December 9, 2010
December 9, 2010
Ireland’s Economic Crisis: A Brief Summary
By Bill Conerly,
Conerly Consulting, Businomics
Ireland’s economy was stagnant in the early years of the 20th century. Liberalization of international trade taxes and rules in the 1960s allowed the economy to begin keeping pace with the rest of Europe, but that wasn’t saying much. Government budget deficits in the 1970s and early 1980s were accompanied by European-style anemic growth. The budget deficits were resolved through spending cuts. Then other policy changes made it more difficult for the government to resume deficit finance.
In the late 1970s, tax rates were reduced. Rate reduction followed rate reduction, and the highest personal income tax rate fell from 80 percent in 1975 to 44 percent in 2001. Corporate tax rates were also reduced, from 40 percent in 1996 to 24 percent in 2000, with even lower rates for companies involved in manufacturing or internationally traded services. Tariff rates were reduced further, and the republic received an inflow of aid, which it spent on infrastructure projects.
The result was the “Celtic Tiger,” a name derived from Asia’s Four Tigers that had grown rapidly (Hong Kong, Singapore, South Korea and Taiwan). For 19 years in a row, Ireland’s growth rate exceeded that of Europe.
However, the real estate boom that swept the United States also swept the world, including Ireland. The nation had survived a housing bubble in the late 1990s, but the banking sector, emboldened by the global boom, doubled its assets in just three years, lending to Irish and non-Irish alike. When the global bubble burst, the banks were in a severe crisis. The government feared that institutional providers of funds to the banks would withdraw, leading to a collapse of the banking sector. To prevent such a run, the government guaranteed the senior debt of the banks.
Most personal financial experts advise individuals against co-signing notes for friends and family members. Someone should have told Ireland that the advice is especially valuable to people going heavily into debt themselves. As recession hit the Irish economy, government spending accelerated.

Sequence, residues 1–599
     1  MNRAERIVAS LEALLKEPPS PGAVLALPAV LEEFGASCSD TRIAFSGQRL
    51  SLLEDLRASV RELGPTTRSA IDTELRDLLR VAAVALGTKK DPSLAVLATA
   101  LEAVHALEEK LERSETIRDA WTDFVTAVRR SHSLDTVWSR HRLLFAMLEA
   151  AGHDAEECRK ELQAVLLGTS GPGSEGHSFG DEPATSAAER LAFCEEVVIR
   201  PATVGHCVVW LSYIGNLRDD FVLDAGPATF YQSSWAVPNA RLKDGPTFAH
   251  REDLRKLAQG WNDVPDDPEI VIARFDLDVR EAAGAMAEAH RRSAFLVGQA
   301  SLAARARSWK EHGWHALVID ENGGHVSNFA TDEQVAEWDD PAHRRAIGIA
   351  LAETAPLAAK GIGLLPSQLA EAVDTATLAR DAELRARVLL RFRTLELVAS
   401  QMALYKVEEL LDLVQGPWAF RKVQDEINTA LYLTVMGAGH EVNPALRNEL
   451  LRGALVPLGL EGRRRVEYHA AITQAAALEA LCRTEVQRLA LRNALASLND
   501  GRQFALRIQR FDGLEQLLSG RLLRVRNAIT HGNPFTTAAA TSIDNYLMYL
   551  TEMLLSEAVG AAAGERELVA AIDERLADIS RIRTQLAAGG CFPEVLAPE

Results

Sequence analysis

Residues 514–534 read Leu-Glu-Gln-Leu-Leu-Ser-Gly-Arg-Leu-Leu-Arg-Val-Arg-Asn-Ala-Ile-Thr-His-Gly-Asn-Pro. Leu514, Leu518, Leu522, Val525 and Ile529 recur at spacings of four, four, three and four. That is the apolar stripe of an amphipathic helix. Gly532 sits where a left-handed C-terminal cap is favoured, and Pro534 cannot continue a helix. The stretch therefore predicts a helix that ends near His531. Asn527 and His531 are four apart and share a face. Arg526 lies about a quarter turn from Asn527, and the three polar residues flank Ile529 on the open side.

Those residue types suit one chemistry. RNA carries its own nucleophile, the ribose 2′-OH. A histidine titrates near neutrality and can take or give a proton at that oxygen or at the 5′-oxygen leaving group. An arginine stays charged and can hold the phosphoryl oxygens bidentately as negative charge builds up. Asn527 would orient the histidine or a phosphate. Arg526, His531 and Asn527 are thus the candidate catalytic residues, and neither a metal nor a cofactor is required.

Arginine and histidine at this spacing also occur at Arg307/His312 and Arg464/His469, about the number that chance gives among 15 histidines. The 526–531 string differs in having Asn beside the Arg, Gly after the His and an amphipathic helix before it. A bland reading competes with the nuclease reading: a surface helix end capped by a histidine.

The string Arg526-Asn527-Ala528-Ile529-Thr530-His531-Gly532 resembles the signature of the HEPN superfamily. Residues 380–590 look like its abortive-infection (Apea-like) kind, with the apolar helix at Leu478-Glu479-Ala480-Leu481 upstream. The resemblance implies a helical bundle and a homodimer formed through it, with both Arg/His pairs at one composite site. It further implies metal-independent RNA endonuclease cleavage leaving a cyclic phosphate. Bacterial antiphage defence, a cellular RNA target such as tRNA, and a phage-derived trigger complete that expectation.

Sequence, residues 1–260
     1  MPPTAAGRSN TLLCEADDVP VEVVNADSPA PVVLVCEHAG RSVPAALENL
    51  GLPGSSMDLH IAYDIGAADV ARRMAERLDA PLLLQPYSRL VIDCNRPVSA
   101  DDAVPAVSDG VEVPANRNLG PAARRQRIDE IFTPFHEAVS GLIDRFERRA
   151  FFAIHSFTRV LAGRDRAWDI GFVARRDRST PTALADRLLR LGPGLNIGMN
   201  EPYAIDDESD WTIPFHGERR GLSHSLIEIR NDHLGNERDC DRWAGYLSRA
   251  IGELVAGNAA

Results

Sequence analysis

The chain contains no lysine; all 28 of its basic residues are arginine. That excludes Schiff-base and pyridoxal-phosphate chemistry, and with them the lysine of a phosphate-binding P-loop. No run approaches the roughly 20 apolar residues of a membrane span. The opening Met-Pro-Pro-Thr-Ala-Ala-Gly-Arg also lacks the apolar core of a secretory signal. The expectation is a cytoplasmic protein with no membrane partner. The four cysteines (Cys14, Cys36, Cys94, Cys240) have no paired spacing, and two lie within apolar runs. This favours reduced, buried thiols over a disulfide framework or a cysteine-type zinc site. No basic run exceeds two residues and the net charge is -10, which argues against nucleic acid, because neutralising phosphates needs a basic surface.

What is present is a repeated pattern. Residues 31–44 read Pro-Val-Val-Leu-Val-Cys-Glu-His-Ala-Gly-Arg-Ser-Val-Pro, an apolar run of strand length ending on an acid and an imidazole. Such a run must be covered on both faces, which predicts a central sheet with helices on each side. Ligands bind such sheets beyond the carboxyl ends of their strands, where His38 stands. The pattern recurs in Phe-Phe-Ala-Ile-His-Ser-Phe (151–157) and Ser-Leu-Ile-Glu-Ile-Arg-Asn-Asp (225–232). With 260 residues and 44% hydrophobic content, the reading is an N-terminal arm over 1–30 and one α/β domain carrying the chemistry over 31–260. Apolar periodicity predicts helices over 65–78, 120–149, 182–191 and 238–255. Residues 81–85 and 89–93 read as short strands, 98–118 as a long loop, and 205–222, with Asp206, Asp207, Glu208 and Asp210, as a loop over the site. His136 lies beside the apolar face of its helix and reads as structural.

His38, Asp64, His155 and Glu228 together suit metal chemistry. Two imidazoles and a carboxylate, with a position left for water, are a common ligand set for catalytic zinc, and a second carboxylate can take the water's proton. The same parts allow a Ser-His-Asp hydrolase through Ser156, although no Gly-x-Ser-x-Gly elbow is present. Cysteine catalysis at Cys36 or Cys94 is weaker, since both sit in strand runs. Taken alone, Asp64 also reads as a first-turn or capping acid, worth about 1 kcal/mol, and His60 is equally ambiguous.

Now the Irish government has tons of its own debt, and its bank bond guarantees total 200 percent of GDP. Other European countries, as well as the International Monetary Fund, are pumping loans into Ireland to stave off a collapse.
The Irish government had resisted outside calls for the bondholders to take a haircut. (The Economist headline read, “Time to send the barber home?”) Allowing private creditors to escape damage seems silly at first, but it has more logic when the creditors had previously received an explicit government guarantee. A haircut for creditors could well be considered a default by the Irish government.
Looking around Europe, many banks in the core (France and Germany) have large holdings of bonds from the periphery (Ireland, Portugal, Spain, Italy and Greece). Some are suggesting an additional round of stress tests for major banks on the Continent. With borrowing difficult for governments, more austerity—and possibly social unrest—are certain to come. Credit will be tight, due to the banking industry’s difficult situation with sovereign debt.
Europe could possibly lapse into recession, especially if one of the weak countries cannot refinance existing notes as they come due. On the positive side, though, the global economy is making progress, which will help both European exports and attitudes. A recession is not certain by any means—I’d still put the odds no higher than 20 percent.
Unfortunately, the American economy is stuck in low gear. Losing Europe to a double dip would stress our own economy, probably to the recession point itself. This is a significant risk, and one that bears some contingency planning by banks and businesses and families in the United States.